‘It’s always a good strategy to add contrapuntal elements to induce the possibility of meaning and then assess the outcomes. Of course that’s an important second step in the cut up technique, you take what appears to work and leave the rest (but they should never have taken the very best :slightly_smiling_face:).’

So, the next stage was to sift through the 50 double-page spreads generated by two runs of my processing ‘picture mill’ and to cut them down to ten that worked, based on a combination of how visually pleasing the picture pairs were and also how wll they seemed to work with the particular texts.

Finally, I wrote a further small piece of code to come up with a cover by collaging a large number of the pictograms that form the pool of images for the main content (a variant of this piece of output – all the code sequences are able to produce a number of different random ‘editions’ – is up towards the top of this post) and then added the title and a short blurb to go on top of the dense collage that was produced.

That, and the other text needed (front and end papers with publisher’s details; a title page etc) were added into one of the the Lightroom book templates along with the selected, generated pages and saved as a .pdf. I then printed off an artist’s proof using standard copier paper and punched the holes to bind it into a folio. I’ll send this to my tutor along with the links to this and the other A2 posts.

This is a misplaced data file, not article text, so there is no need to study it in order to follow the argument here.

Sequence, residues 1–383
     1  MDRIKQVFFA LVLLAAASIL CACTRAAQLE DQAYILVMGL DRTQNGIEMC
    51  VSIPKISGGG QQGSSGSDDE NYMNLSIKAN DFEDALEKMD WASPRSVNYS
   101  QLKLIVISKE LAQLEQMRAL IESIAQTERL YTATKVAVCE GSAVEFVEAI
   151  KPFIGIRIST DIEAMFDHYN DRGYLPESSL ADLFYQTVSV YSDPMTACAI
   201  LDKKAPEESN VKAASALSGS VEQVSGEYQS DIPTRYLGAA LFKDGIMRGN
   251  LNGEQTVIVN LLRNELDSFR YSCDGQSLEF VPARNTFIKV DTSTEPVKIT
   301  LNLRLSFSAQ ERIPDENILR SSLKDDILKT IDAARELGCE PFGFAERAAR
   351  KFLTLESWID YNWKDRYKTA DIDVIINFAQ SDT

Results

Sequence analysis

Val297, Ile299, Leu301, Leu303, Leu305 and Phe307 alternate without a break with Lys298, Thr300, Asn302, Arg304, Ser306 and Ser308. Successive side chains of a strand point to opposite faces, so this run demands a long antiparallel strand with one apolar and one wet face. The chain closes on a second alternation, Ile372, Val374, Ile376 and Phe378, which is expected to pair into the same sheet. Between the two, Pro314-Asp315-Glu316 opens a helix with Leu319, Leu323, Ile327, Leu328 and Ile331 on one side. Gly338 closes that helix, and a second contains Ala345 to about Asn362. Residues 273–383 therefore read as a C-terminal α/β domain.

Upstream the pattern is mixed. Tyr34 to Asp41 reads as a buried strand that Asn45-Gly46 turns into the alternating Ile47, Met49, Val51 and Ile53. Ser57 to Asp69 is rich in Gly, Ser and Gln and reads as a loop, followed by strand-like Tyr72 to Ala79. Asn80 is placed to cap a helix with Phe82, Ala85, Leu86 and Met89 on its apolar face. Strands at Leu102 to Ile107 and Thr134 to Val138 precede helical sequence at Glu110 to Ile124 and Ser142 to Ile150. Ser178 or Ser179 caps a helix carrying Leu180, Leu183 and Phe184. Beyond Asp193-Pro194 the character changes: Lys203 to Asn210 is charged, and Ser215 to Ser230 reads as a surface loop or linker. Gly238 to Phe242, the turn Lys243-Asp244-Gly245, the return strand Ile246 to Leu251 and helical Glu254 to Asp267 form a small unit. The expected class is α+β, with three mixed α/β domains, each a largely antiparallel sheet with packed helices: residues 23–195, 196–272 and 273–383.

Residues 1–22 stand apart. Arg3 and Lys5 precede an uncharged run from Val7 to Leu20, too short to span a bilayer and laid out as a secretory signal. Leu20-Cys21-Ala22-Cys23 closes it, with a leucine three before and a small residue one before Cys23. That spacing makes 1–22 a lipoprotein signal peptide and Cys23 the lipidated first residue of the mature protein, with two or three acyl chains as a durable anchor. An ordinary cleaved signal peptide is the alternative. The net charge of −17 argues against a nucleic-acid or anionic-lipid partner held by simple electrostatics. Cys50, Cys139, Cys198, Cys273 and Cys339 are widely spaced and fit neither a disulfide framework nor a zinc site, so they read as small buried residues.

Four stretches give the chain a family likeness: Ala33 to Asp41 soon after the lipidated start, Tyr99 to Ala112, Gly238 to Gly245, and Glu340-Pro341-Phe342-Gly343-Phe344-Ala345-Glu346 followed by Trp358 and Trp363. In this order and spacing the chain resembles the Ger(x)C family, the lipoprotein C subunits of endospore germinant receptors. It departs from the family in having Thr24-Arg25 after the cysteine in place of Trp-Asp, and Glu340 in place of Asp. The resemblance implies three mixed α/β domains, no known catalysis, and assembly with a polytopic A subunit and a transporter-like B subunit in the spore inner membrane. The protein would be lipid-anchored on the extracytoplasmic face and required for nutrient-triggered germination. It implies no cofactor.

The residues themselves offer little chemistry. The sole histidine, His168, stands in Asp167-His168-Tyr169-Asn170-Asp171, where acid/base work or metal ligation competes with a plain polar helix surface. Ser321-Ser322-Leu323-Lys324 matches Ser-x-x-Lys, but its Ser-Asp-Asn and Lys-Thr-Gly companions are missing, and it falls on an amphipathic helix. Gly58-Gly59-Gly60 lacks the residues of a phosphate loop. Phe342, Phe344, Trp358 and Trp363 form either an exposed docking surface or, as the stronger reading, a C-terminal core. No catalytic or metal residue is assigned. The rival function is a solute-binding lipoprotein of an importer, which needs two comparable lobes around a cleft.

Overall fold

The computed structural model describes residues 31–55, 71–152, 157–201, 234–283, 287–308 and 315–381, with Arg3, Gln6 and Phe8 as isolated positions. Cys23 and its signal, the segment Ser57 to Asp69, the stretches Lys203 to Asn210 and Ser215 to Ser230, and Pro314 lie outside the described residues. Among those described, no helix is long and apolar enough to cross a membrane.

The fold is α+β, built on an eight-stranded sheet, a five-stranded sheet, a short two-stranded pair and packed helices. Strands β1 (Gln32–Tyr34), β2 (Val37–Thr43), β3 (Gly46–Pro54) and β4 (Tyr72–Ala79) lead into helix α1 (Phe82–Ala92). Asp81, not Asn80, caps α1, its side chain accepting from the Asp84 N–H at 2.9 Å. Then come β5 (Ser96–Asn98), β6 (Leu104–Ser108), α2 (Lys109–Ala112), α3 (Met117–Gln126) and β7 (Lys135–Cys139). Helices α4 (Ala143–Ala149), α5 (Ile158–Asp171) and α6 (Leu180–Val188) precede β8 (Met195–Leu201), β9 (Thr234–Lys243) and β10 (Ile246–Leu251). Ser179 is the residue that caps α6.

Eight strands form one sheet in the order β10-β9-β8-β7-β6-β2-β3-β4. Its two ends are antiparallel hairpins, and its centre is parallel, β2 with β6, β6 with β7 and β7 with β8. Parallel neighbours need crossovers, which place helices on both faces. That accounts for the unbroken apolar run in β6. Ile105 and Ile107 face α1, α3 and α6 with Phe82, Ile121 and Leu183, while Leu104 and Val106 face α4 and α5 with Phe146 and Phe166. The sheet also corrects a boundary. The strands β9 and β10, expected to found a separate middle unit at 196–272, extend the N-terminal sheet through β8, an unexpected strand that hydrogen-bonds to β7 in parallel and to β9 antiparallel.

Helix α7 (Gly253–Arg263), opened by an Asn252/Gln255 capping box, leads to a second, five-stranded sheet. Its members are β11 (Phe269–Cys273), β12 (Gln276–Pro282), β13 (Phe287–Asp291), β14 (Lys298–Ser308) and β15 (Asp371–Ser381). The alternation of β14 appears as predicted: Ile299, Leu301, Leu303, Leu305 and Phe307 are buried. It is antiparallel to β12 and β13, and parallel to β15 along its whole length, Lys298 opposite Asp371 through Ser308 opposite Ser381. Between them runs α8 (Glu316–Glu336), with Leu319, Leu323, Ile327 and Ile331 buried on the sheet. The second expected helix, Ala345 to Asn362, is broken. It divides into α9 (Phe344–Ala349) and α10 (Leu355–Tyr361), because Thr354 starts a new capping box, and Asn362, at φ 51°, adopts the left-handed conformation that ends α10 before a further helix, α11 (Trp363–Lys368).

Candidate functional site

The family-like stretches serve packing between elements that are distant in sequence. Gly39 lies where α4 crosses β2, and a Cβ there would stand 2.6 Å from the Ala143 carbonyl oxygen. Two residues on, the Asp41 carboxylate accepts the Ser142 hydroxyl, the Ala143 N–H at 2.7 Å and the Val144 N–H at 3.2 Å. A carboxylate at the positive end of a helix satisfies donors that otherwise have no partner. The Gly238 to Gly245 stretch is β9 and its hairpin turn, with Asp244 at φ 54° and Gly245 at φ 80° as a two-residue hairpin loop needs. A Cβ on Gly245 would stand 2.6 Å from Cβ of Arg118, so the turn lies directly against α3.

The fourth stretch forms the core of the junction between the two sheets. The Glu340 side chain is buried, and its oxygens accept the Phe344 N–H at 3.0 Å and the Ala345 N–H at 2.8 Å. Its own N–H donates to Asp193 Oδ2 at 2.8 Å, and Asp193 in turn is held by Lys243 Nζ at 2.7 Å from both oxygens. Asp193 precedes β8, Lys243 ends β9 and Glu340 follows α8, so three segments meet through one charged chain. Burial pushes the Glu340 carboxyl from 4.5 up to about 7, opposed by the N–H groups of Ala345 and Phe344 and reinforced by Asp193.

So, this assignment will consist of some three outputs: the book in its .pdf form (included in the next, main, Assignment post, here); the quickly and cheaply printed version of the book, which forms a limited-edition beta version of something I intend to build on over time; the vimeo sequences of the book’s compilation (which can be viewed as my close-up magic performance for my peers).

As requested in the assignment brief the .pdf of this version of the  book, and its explanatory text  afterword, will form the next post in this sequence.

a couple of quick thoughts on making music and making photographs

David Bowie’s Cut-ups

There is lot’s of stuff, floating in the ether, talking about the way David Bowie put together lyric ideas by drawing small pieces of paper with sentences or shorter phrases written on them  out of a hat and seeing what sense they made (I’m an aligator! I’m a moma-papa coming for you!, say) influenced by the American author, William Burroughs use of the same method, himself referring back to the use of similar techniques (‘Exquisite Corpse’, automatic writing) by the 1920s surrealists.